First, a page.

Τετάρτη, 4 Απριλίου 2012

Nâzım Hikmet Ran








ABOUT MY POETRY

I have no silver-saddled horse to ride,
no inheritance to live on,
neither riches no real-estate --
a pot of honey is all I own.
A pot of honey
                 red as fire!

My honey is my everything.
I guard
my riches and my real-estate
-- my honey pot, I mean --
from pests of every species,
Brother, just wait...
As long as I've got
honey in my pot,
bees will come to it
                  from Timbuktu...

                  Nazim Hikmet
            Trans. by Mutlu Konuk and Randy Blasing (1993)



A SPRING PIECE LEFT IN THE MIDDLE


Taut, thick fingers punch
the teeth of my typewriter.
Three words are down on paper
                           in capitals:
SPRING
      SPRING
               SPRING...
And me - poet, proofreader,
the man who's forced to read
two thousand bad lines
   every day
      for two liras-
why,
    since spring
            has come, am I
                still sitting here
                       like a ragged
                           black chair?
My head puts on its cap by itself,
     I fly out of the printer's,
           I'm on the street.
The lead dirt of the composing room
                              on my face,
seventy-five cents in my pocket.
                          SPRING IN THE AIR...

In the barbershops
     they're powdering
            the sallow cheeks
                 of the pariah of Publishers Row.
And in the store windows
     three-color bookcovers
           flash like sunstruck mirrors.
But me,
I don't have even a book of ABC's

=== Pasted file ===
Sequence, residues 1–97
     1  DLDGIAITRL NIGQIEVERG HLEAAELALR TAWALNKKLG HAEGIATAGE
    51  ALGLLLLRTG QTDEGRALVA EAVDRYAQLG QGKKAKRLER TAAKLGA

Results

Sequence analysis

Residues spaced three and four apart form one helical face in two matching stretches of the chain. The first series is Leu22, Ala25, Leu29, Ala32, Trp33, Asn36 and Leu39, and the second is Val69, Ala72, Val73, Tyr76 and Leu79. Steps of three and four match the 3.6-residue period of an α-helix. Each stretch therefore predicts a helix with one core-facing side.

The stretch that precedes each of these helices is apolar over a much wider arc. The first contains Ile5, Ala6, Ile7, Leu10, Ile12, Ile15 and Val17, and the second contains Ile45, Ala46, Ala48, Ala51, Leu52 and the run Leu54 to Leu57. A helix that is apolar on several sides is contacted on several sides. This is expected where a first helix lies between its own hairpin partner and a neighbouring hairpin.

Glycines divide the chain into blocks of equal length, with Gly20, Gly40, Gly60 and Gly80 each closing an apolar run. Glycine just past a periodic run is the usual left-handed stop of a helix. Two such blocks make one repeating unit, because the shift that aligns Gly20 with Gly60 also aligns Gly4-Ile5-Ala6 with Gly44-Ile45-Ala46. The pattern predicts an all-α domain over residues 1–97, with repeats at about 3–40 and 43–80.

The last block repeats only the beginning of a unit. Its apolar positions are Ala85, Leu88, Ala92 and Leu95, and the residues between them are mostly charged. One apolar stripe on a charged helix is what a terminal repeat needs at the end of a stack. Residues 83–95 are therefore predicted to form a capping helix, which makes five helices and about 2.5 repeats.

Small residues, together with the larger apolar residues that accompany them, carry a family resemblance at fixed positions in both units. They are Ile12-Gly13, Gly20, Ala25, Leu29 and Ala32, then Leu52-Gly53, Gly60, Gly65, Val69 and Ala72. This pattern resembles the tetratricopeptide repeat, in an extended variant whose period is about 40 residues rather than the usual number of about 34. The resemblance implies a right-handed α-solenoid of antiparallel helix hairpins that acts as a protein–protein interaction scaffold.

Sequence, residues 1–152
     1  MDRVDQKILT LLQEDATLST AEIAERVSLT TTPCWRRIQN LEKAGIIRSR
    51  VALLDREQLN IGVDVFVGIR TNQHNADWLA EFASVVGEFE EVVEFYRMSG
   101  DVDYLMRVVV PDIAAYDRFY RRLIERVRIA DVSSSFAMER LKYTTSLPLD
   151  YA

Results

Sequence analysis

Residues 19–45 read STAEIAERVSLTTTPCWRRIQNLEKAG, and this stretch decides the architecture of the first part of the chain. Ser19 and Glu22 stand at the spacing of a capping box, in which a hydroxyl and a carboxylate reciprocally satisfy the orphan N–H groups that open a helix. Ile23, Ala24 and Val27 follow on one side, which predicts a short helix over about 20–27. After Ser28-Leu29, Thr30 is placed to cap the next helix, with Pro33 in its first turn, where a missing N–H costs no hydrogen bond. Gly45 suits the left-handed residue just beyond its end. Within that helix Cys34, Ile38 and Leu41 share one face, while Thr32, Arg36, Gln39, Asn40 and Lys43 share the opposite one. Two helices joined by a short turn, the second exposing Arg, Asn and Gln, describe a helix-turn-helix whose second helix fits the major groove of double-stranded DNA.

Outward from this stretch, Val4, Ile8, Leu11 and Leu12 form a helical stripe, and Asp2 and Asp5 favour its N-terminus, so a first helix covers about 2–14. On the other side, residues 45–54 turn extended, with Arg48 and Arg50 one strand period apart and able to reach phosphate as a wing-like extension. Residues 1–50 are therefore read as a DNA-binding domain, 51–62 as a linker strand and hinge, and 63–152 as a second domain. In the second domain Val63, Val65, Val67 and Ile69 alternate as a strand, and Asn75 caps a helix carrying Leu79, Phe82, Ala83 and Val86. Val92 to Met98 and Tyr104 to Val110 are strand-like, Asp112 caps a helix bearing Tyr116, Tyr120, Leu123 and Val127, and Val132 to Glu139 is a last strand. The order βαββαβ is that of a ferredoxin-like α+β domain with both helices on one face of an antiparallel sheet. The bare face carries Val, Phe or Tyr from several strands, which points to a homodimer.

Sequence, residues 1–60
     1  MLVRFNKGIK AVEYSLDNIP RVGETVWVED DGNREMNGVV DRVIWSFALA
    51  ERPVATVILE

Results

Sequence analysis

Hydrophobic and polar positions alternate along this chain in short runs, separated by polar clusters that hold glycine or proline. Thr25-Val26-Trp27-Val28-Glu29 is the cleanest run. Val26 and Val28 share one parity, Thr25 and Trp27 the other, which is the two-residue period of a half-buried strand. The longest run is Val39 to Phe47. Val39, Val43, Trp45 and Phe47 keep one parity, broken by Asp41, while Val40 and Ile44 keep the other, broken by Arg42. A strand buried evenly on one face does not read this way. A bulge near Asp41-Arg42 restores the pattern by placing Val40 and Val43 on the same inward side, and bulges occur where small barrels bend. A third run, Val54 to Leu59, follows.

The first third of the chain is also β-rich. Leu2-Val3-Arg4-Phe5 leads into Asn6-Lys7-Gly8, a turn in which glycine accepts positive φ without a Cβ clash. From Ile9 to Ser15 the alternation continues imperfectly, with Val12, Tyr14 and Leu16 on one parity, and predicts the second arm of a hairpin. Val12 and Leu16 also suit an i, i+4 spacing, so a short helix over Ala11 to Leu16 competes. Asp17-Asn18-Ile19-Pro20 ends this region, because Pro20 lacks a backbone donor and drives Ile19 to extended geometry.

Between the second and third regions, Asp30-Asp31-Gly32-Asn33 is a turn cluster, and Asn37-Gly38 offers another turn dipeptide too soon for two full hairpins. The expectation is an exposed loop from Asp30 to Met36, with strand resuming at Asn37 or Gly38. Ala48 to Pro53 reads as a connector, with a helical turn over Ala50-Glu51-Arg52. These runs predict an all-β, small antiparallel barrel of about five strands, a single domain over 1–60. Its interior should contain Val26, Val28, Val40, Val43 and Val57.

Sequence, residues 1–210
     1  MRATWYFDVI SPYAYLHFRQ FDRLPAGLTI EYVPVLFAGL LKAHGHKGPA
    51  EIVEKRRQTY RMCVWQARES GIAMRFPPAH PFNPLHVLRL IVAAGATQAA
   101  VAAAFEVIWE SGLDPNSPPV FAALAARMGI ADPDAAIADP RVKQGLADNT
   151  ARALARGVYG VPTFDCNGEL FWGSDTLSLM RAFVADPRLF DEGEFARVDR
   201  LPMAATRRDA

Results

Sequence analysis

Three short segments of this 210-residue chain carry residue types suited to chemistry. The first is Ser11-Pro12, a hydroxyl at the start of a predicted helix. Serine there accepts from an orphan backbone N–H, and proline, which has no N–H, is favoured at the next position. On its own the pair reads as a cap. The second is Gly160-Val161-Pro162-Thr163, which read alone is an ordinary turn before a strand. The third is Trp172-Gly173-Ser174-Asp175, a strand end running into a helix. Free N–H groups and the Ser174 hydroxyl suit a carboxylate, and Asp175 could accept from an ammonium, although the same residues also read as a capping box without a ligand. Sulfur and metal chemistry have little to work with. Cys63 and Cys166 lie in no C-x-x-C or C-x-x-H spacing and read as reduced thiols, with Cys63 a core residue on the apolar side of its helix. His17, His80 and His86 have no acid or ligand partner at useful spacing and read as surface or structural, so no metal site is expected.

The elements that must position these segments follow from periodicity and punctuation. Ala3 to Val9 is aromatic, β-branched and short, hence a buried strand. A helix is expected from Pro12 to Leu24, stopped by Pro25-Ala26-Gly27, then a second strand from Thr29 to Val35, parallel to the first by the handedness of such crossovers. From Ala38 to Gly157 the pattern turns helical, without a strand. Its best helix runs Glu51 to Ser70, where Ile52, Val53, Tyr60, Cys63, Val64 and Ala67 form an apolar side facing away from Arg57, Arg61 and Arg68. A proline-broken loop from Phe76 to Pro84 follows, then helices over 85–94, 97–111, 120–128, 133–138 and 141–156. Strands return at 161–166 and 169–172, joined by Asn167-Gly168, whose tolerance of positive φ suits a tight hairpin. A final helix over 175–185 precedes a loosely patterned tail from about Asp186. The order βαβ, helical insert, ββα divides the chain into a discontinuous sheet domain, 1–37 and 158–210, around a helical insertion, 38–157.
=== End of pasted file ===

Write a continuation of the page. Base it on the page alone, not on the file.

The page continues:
that lives on this street
and carries my name on its door!
But what the hell...
I don't look back,
the lead dirt of the composing room
                              on my face,
seventy-five cents in my pocket,
                 SPRING IN THE AIR...
                  *
The piece got left in the middle.
It rained and swamped the lines.
But oh! what I would have written...
The starving writer sitting on his three-thousand-page
                                        three-volume manuscript
wouldn't stare at the window of the kebab joint
but with his shining eyes would take
the Armenian bookseller's dark plump daughter by storm...
The sea would start smelling sweet.
Spring would rear up
            like a sweating red mare
and, leaping onto its bare back,
                              I'd ride it
              into the water.
Then
    my typewriter would follow me
                every step of the way.
I'd say:
           ``Oh, don't do it!
           Leave me alone for an hour...''
then
my head-my hair failing out-
            would shout into the distance:
               ``I AM IN LOVE...''
                       *
I'm twenty-seven,
she's seventeen.
``Blind Cupid,
lame Cupid,
both blind and lame Cupid
said, Love this girl,''
                              I was going to write;
                                     I couldn't say it
                                         but still can!
But if
       it rained,
if the lines I wrote got swamped,
if I have twenty-five cents left in my pocket,
                                                    what the hell...
Hey, spring is here spring is here spring
                                                  spring is here!
My blood is budding inside me!

                                      20 and 21 April 1929
                                      Nazim Hikmet
                 Trans. by Randy Blasing and Mutlu Konuk (1993)



http://en.wikipedia.org/wiki/N%C3%A2z%C4%B1m_Hikmethe poem (titled as "Ölü Kızcağız" on the photo) typewritten by Nâzım Hikmet himself and the letter of Japanese children to him presenting their thanks